Sustainable Development Goal 12 focuses on sustainable consumption and production.


“With less than 5 percent of world population, the U.S. uses one-third of the world’s paper, a quarter of the world’s oil, 23 percent of the coal, 27 percent of the aluminum, and 19 percent of the copper… [and] a child born in the United States will create thirteen times as much ecological damage over the course of his or her lifetime than a child born in Brazil.”Dave Tilford, the Sierra Club

Despite the publicity that climate change, biodiversity loss and sustainability have increasingly received in the American public press over the years, it has to date had scant impact on shifting behaviors toward more measurable sustainability patterns. National Geographic’s Greendex found that American consumers rank last of 17 countries surveyed in regard to sustainable behavior. On the “production” side, while Americans account for under five percent of the world’s population, Americans also create half of the globe’s solid waste – yuck!

It is in this context that we must examine Sustainable Development Goal (SDG) 12: “ensure sustainable consumption and production patterns.” Goal 12 covers all aspects of sustainable production and consumption, and is notable for its insistence that by 2020 and 2030 a series of remarkable milestones will have been met.

The topic of sustainability has long been saddled by a disconnect between lofty goals, philosophical imperatives and beliefs, and alarming statistics and trends. While scientists predict species loss and extinctions due to unsustainable resource use, during climate change global negotiations, aggregate unsustainable consumption and production trends tend to come down to one single metric: greenhouse gas emissions measured in “carbon dioxide equivalents.”

Despite over 45 years of debate around the relationship between population pressures, and resource depletion, one overriding question remains—can sustainability be achieved through a progressive technocratic approach to production and consumption issues, or is a radical transformation of behaviors across societies in fact required?

While not putting responsibility exclusively on Americans’ shoulders for global unsustainability, there’s no getting away from the fact that the success or failure of Goal 12 will depend on future American consumption patterns. Current rates of consumption are likely unsustainable if others on the planet place similar competing demand on resources. Even if they do not, questions of equity as well as externalities (the costs that some users inadvertently place on others) remain an issue. This has been a topic of repeated discussion in international negotiations, such as the respective U.N. Conventions on biodiversity and climate change.

Presumably, either Americans will need to dramatically decrease consumption patterns to enable our own footprint to become more sustainable, or else, incredible production and technological efficiencies will need to appear, which will be met by restrained consumption and production patterns in other parts of the world. Otherwise, how to achieve any type of equilibrium across the many components of sustainability remains puzzling.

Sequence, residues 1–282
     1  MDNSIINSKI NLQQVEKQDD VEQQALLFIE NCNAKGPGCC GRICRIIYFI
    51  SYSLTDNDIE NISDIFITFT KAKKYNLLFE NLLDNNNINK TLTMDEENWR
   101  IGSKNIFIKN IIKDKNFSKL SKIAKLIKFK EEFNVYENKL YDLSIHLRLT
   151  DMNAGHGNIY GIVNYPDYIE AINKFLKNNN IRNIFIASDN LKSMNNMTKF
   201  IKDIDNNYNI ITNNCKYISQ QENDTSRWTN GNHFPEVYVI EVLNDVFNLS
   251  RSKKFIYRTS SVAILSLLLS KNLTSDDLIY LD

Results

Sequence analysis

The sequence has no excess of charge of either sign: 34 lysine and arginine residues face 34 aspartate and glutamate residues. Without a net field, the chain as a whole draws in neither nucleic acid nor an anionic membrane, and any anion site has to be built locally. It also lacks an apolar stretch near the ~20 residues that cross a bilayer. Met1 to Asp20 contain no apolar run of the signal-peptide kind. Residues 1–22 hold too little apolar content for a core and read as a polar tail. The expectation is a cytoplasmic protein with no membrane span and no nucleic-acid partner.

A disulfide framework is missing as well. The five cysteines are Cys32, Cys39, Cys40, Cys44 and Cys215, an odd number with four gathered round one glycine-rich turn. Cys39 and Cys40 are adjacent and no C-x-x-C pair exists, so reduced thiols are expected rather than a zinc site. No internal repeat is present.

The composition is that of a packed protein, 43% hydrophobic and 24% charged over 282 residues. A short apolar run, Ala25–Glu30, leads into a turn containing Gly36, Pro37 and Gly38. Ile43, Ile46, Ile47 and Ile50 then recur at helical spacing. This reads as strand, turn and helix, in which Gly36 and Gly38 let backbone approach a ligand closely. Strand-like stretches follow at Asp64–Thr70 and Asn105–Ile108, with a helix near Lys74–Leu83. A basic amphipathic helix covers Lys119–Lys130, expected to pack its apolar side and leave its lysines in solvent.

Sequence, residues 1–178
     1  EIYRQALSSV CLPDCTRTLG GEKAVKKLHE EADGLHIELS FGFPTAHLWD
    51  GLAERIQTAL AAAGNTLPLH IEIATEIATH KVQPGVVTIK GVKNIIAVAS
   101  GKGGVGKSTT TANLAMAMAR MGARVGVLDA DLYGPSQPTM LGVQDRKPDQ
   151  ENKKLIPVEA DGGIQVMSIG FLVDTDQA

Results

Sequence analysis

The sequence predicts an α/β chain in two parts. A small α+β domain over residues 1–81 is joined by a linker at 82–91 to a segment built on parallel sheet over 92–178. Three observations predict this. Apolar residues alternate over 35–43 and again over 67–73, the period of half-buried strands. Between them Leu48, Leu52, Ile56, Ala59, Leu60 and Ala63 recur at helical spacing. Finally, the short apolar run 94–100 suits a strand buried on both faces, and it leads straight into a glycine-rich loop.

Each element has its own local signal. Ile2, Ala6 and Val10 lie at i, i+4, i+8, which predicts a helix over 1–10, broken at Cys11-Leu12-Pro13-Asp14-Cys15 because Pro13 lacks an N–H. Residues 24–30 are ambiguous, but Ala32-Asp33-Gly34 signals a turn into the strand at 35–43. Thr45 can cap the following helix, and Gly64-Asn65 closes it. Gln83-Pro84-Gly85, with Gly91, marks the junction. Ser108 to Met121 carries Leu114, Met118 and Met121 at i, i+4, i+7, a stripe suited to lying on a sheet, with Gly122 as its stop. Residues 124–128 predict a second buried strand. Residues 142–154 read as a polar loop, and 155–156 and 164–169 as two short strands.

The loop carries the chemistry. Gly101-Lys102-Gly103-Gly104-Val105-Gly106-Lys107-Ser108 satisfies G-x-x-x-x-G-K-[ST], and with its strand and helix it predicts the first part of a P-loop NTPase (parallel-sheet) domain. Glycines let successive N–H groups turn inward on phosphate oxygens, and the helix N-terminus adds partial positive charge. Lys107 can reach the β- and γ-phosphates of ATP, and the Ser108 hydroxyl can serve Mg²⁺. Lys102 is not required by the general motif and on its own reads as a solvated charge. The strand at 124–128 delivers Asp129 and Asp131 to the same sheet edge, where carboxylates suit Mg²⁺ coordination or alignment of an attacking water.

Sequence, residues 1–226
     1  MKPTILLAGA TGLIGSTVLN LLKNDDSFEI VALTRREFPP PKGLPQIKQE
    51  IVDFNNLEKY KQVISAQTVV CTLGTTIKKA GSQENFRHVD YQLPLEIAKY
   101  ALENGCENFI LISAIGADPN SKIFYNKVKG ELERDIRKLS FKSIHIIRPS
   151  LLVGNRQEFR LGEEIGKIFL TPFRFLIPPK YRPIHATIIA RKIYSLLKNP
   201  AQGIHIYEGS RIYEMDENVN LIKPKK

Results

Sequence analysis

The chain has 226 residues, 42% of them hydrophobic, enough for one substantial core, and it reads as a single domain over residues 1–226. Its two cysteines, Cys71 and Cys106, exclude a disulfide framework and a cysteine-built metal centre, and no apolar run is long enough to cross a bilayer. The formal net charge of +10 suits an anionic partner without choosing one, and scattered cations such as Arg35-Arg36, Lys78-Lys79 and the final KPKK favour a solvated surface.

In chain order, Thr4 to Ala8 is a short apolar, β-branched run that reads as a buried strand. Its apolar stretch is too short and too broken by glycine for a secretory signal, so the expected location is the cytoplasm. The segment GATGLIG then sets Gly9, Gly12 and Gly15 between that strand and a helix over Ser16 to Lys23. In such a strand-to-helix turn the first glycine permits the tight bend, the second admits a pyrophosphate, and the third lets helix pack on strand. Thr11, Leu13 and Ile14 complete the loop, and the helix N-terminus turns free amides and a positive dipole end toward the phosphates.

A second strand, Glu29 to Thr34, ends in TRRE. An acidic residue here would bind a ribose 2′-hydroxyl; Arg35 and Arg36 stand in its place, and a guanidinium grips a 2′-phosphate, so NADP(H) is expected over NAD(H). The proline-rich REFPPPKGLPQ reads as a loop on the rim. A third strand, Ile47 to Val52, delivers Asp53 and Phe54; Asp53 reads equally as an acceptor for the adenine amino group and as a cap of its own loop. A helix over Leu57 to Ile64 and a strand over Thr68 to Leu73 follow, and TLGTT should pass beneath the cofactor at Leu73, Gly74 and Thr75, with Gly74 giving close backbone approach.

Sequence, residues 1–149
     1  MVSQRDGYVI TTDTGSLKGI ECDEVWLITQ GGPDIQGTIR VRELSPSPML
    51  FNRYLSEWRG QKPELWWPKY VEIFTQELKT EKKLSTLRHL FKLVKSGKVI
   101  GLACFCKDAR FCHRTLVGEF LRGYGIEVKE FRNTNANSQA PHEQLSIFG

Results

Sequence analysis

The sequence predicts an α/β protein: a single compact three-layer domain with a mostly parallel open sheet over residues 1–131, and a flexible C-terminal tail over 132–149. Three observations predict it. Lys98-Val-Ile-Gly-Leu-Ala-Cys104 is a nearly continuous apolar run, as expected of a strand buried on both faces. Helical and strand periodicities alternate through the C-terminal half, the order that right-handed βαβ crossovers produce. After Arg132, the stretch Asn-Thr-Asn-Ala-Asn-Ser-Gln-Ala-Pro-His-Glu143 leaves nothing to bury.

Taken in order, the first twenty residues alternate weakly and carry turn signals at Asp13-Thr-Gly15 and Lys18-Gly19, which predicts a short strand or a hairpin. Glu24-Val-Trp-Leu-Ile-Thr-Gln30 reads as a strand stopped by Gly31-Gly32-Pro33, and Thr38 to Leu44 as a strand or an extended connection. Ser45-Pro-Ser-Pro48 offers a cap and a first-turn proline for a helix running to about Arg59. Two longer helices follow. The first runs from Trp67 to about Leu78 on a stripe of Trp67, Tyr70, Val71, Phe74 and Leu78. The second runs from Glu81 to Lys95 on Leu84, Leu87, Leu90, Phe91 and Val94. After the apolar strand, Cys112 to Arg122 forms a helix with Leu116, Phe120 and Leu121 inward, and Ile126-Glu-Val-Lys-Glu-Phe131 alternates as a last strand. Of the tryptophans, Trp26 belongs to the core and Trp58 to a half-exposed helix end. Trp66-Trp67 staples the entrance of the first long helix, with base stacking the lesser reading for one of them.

But, can reversal of negative trends be accomplished through well-tried tools such as the roughly 500 certification standards that were designed to help shape production and consumption patterns towards sustainability? Several of the key macro level metrics would indicate the answer is no—greenhouse gas metrics continue to gloomily rise, while metrics for species extinction rates have been radically revised upward. At 1,000 greater than the “background rate”—the rate against which extinctions are measured based on fossil records—there’s little positive to note there.

While few would argue with the aspirations of Goal 12, the question facing us both in the U.S. and at the global scale is simply: what needs doing, by whom, when, to get there? Seemingly a simple question, but one with enormous political, economic, and social implications.

It’s impossible to solve these complex problems in the space of a short blog post. So I will end by saying that I personally take the SDGs as providing a highly aspirational conceptual framework to help shape more ethical and effective behaviors among the many peoples of the planet. Yet while the problem on the one hand confronts each and every individual, it is also shaped by macro level pushes and pulls at policy levels that dwarf our individual impacts. While our well-intentioned turning off of lights and picking up of plastic bags on the street or the beach are all worthy, we clearly need to be influencing policy using the leverage of the ballot box as well.

There is no escaping the fact, if one accepts consensus-based science, that trends are alarming, and previous technocratic approaches have not proven remotely good enough to provide a basis for achieving Goal 12. I suspect that we will need a mix of new and improved values operating at various scales—personal, societal, global—if we are to move towards the lofty aspiration Goal 12 presents us. Hopefully the combination of bottom-up demand across society and leadership from the private and public sectors will increase to the point where action, measurable outcomes, results, and impacts will follow. Otherwise, we may come back in 5-10 years and find that the SDGs, and Goal 12 in particular, failed to impel much progress towards sustainability globally.

Curious about the SDGs and post-2015 development agenda? Watch this space. “Know Your SDGs” is a recurring weekly blog series digging into the goals in the lead-up to the United Nations General Assembly and post-2015 development summit this September.